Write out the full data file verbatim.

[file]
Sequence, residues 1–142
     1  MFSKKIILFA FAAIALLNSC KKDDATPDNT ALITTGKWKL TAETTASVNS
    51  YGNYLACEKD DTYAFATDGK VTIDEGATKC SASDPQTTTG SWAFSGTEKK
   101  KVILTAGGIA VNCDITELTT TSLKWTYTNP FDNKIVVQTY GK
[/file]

Sequence, residues 1–142
     1  MFSKKIILFA FAAIALLNSC KKDDATPDNT ALITTGKWKL TAETTASVNS
    51  YGNYLACEKD DTYAFATDGK VTIDEGATKC SASDPQTTTG SWAFSGTEKK
   101  KVILTAGGIA VNCDITELTT TSLKWTYTNP FDNKIVVQTY GK